Farmers get some PR pointers
This is a longer version of a post I put up last week – and this article is also printed in the Ontario Farmer this week.
An episode of Oprah. A film called Food Inc. A hard-hitting Time magazine cover story. A series in the Toronto Star.
The last year was not a good one for agriculture on the public relations front, but a Guelph agri-food consultant still believes the industry is on the right track. And he offered some tips to help address the growing public perception issue as he spoke to a meeting of the Guelph Partnership for Innovation last week.
“2009 was a terrible year for negat ive coverage about agriculture,” said Rob Hannam, President of Synthesis Agri- Food Consulting. “Sensationalism sells and it’s easy to make food production and processing shocking to people who have no idea how food is actually produced.”
According to an Ipsos Reid survey completed last year for the Ontario Farm Animal Council, 52 per cent of non-farming adults have a positive overall impression of Canadian agriculture. Just over half of respondents indicated they knew nothing or very little about farming, but 62 per cent of those individuals indicated they were open to learning more.
There are some key questions that consumers are increasingly asking when making their food consumption choices, said Hannam, which all relate to food production and health.
“How was my food produced? There are many different options available to consumers to allow them choice,” said Hannam. “This includes organic, biodynamic, free range, fair trade, sustainably produced, naturally produced and more.”
Another common question relates to the origins of food. Ontarians are lucky to have a great selection of locally produced foods, said Hannam, as well as programs like Foodland Ontario and Local Food Plus to help promote them and help consumers identify what they’re buying.
What’s in my food? is another key question and marketers are responding with many different identifiers, such as grain-fed, natural sweeteners, no preservatives, antibiotic free, heirloom and others. The final question, according to Hannam, is linked to health and consumers questioning whether their food choices can make them healthier. He cited Omega-3 eggs and DHA-enriched milk as two popular examples of food choices with health benefits.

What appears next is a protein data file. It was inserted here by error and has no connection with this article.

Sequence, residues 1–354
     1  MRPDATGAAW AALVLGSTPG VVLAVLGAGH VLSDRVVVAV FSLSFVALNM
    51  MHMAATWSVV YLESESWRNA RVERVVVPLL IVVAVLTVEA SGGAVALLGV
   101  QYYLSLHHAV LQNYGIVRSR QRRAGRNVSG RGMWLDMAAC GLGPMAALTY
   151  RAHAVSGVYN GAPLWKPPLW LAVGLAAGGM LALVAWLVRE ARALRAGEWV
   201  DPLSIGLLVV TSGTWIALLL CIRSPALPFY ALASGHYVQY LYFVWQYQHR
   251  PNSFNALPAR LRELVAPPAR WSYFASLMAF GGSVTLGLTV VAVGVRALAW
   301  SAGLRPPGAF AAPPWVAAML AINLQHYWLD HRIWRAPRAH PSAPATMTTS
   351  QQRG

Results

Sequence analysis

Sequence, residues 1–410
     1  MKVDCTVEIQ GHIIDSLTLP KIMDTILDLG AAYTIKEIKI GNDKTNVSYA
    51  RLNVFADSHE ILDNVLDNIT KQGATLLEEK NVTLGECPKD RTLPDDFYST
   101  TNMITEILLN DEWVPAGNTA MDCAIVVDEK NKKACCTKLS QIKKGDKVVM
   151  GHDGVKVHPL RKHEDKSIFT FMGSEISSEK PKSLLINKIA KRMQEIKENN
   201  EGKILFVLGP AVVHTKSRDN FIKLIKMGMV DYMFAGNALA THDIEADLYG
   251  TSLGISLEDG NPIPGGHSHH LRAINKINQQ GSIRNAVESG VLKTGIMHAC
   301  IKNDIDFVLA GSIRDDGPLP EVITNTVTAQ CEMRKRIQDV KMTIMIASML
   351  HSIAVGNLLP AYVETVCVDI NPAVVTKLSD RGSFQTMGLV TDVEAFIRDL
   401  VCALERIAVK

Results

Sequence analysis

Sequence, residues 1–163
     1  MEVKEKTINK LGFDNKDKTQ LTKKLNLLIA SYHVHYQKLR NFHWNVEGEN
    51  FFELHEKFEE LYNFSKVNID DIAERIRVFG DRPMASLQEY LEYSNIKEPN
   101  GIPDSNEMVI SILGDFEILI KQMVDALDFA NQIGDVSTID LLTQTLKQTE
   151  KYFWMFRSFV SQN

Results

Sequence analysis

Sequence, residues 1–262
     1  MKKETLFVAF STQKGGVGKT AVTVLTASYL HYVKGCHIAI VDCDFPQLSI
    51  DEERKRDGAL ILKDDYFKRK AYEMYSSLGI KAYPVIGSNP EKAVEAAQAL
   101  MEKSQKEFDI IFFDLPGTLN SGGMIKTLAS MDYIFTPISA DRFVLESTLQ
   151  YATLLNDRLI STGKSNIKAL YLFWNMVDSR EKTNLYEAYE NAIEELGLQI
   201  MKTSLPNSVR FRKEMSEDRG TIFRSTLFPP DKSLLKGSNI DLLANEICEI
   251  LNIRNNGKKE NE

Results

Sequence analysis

The criticism many have for agriculture is often based on misinformation about the changes the industry has undergone in the last 50 years, Hannam stated. Production has increased, farms have gotten bigger and only about two percent of Canada’s population is still actively involved in agriculture. Many consumers are also frustrated with trying to balance the perceived high cost of healthy food and the need to eat a nutritious diet with the plethora of unhealthy food ingredients and food products on the market.
In light of all of this, is modern agriculture on the right track? Yes, according to Hannam, but there’s more that both consumers and the agri-food sector should be doing to battle the misconceptions and bad PR surrounding food and farming.
For agriculture, he recommended:
* Adopt new technology like traceability and biotechnology as a way to continually advance the sector.
* Embrace and share agriculture’s sustainability story. The many things that farmers do to take care of the land, air and water is a good news story.
* Self-monitor. Don’t automatically dismiss criticism but instead, evaluate and use it to keep raising the bar to make the industry better.
* Offer choice. Responding to consumer demand for food product choices can be a great market opportunity.
* Explain, explain, explain. Use emotion to connect with consumers and communicate beyond the science, which is agriculture’s traditional approach.
For consumers, he suggests:
* Food is not one size fits all. Different consumers have different needs and farmers produce to meet those needs.
* If you want it, ask for it. Farmers and food companies will respond to consumer demand.
* Vote with your food dollars to influence and shape the market.
* Support local food whenever possible and recognize how lucky we are to have such a wide range of Ontario-grown products to choose from. But we can’t produce everything here so don’t turn your back on global foods.
* Make informed food choices based on all -not just some -information. For every source of sensationalism about agriculture, there’s also one based on facts and proven science.